Sheltered housing problem

Discussion in 'I care for a person with dementia' started by aitch-boss, Mar 8, 2015.

  1. aitch-boss

    aitch-boss Registered User

    Feb 11, 2015
    9
    Brighton, UK
    Hi everyone,

    I need a bit of advice.. Sorry for the long post.

    We've moved my MIL into sheltered housing this weekend, as a private tenant. She has ALZ, which is usually pretty mild, depending on her anxiety level. Hence the move to sheltered rather than extra care or assisted living - her dr recommended the move.

    Since she signed the tenancy last month, I've read a bit about sheltered housing not being very accepting of dementia - but didn't worry too much as she has no specific care needs, she's quite independent. Either my partner or I call her each evening to remind her to take her pills. But we wanted to move her as she was very isolated at her old flat.

    Now here's the problem. She seemed to cope well with the move, a little anxious but nothing major. We needed to pop home today and asked her to stay inside her flat in the meantime, as she's not yet used to the building or area.

    In the 45 minutes we were gone, she left her flat, door wide open (with a cat inside), wandered the corridors, lost, and walked into another resident's flat unannounced, calling for her cat. The resident was understandably furious, demanding to know why MIL can't remember where she lives. Another resident got involved, and they've had a 'house meeting' about whether MIL should be there. Tomorrow the house manager will be in at 9am and a complaint will be made - not even 24 hours after she's moved in!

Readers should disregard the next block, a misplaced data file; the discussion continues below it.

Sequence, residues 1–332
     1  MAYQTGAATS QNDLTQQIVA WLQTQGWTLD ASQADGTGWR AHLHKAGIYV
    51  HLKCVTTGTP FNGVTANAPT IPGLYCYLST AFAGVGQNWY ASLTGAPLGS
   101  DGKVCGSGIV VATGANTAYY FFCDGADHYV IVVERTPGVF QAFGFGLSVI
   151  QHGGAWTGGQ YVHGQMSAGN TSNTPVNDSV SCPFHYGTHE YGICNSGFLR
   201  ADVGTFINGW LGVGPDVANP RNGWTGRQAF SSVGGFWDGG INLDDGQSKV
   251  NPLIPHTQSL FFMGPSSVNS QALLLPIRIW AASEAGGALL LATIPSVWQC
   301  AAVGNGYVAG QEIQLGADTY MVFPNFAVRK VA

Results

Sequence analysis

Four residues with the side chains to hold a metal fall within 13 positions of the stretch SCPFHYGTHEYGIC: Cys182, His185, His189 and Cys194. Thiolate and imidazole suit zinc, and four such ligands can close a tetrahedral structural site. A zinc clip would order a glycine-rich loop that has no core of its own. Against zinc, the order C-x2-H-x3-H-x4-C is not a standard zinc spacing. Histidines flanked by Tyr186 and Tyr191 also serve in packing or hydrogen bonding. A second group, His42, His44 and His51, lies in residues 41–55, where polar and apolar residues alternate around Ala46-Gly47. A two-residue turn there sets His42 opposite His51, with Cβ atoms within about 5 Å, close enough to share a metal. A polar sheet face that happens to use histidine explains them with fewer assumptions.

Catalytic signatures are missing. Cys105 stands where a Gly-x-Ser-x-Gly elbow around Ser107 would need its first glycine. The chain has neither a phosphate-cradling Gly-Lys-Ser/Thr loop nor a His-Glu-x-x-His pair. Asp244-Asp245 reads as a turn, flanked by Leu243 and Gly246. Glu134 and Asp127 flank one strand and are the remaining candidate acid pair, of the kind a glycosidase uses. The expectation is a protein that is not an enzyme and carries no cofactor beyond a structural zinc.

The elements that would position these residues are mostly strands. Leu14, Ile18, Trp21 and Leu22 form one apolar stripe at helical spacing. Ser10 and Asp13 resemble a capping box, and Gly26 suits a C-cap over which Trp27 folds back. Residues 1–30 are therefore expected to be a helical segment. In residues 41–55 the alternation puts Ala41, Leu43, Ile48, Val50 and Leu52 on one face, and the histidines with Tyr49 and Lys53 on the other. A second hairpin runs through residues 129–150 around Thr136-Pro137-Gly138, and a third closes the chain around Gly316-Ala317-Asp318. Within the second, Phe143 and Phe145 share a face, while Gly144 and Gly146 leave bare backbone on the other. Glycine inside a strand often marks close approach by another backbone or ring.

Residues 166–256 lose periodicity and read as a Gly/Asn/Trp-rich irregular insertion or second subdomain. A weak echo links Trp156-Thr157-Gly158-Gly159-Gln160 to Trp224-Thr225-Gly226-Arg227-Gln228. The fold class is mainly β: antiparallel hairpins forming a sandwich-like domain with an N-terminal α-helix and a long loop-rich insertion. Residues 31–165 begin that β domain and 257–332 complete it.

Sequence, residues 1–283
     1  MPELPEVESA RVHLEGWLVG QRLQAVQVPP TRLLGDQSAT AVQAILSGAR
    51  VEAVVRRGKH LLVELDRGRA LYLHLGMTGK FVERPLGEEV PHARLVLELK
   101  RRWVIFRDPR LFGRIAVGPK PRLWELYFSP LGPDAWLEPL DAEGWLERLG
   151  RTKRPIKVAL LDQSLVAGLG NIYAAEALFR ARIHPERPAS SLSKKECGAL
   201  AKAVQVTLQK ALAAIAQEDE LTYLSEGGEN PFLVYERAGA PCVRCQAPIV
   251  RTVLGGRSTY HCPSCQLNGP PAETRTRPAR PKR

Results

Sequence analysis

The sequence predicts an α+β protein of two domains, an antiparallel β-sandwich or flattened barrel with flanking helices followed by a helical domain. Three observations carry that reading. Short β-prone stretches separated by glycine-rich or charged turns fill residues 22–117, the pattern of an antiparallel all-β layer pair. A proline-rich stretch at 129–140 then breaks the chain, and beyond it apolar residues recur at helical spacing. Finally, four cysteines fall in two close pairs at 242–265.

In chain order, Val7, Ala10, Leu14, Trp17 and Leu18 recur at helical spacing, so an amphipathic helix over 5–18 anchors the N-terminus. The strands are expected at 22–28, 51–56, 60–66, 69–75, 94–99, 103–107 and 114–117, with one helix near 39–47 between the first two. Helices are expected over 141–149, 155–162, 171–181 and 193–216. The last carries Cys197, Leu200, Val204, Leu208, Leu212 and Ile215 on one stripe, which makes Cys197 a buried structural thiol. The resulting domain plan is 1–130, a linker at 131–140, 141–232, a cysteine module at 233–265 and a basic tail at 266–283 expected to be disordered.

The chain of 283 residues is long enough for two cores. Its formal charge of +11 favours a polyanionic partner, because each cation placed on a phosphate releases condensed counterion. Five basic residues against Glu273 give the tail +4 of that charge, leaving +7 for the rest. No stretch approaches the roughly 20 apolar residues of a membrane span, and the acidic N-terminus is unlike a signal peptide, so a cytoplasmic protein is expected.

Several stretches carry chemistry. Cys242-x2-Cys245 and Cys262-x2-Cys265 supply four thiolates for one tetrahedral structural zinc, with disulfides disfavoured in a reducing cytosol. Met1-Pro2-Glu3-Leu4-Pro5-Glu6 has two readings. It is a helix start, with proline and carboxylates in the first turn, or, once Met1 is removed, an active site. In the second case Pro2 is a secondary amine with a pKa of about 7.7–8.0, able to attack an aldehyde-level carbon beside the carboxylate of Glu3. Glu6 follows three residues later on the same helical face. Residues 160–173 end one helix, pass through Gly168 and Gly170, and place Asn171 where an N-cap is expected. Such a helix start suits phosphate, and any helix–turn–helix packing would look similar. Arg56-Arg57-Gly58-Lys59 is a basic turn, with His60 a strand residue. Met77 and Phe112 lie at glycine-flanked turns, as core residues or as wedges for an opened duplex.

The estate agents nor the landlord asked if MIL had any sort of medical condition, and we didn't mention it as she's mild, so didn't think it would be a problem - not in the life of the tenancy anyway, which is 12 months. But the move seems so have exacerbated it hugely, she's now extremely confused and angry after the incident, has no idea where she is and 'wants to go home'

    We have no idea what to do. My partner is staying with her tonight, and I'm taking a day off work tomorrow to make sure she doesn't wander. But so worried the house manager will ask her to leave, we would have to pay the remaining 11 months of fixed term tenancy... As well as find her somewhere else to live

    But we can't be with her indefinitely. We can't lock her in her flat, but if we leave her alone she'll definitely wander again. I'm hoping once the stress has settled, so will the ALZ, but will it? Could it stay like this?

    Have we made a huge mistake? :(
     
  2. Kazza72

    Kazza72 Registered User

    Feb 10, 2015
    202
    West London
    Can they tell someone to leave and make them pay rent for the duration of the lease? Surely they can't. If trouble occurs, CAB and local council. They can't throw a vulnerable person out onto the street so to speak, and wouldn't they have to give 2 months' written notice? Also, your local authority should have a solicitor who can give you free advice on the matter. Your poor MIL and poor you too


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  3. aitch-boss

    aitch-boss Registered User

    Feb 11, 2015
    9
    Brighton, UK
    Thanks Kazza72 - the problem is, she rents privately from the landlord's son - his mother who was a resident, but who has now moved on to a NH.

    MIL is bound by an assured shorthold tenancy for 12 months, so if the housing contacts the landlord's son with a request for her to leave, she'll have no rights and will have one months notice.

    I'll have to see what the manager says tomorrow, but even if she's allowed to stay, it doesn't look like the other residents will be friendly towards her - which was the whole point of the move :(
     
  4. Kevinl

    Kevinl Registered User

    Aug 24, 2013
    4,668
    Salford
    Hi HB
    It's a bit difficult to answer, I assume she is renting from a private landlord who owns the flat so the question is can the owners of the block tell her landlord to kick her out.